MMD models are not human…
There are a lot of things that humans can do that 3D models of the type available to MMD cannot do. Most of these things are very subtle because of the way we actually communicate with each other and this includes a lot of subtle signals in terms of facial expressions and body language that MMD models just do not have the capability to mimic. But they don’t need to have these as they have certain features and assets that allows credible and effective personal performances to be created with them.
However, I do not want to end up writing a book on this subject, suffice to say, a lot of thought has to go into a production even before a single model is loaded into MMD. Instead, I will introduce the tools that I normally use and outline my basic game plan and thought processes used when creating a video production of the type that I specialize in.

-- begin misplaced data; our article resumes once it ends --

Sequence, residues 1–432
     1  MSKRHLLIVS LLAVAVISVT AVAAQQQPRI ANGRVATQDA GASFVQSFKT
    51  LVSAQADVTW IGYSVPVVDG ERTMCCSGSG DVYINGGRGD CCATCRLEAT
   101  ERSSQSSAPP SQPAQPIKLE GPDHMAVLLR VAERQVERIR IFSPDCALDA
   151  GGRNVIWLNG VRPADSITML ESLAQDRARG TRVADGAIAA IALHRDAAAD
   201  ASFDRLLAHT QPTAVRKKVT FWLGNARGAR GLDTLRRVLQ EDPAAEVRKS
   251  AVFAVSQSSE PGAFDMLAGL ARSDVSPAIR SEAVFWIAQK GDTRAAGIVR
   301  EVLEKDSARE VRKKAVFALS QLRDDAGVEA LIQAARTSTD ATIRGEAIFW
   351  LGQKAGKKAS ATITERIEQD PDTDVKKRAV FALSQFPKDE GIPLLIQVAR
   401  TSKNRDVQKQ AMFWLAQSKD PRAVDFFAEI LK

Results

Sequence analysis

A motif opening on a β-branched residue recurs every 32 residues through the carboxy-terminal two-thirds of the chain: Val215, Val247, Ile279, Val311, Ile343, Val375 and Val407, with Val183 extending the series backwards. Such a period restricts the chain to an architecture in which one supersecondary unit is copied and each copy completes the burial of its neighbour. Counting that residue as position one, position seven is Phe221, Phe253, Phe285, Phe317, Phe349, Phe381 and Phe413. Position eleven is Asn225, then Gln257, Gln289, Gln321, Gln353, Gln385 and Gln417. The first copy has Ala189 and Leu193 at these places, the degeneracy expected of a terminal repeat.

You will normally need the following software and thorough knowledge on how to use them in order to complete your MMD animation projects:
1. MOGG Face and Lips: This program is used to create the lip sync and facial data. It has much better control than the tools in MMD for creating this type of performance, especially since with this type of performance the camera is usually up close and personal. Some people do use MMD to do the lip sync, but for more detailed results and fine control over expressions and morphs, the MOGG Projects application is much, much better.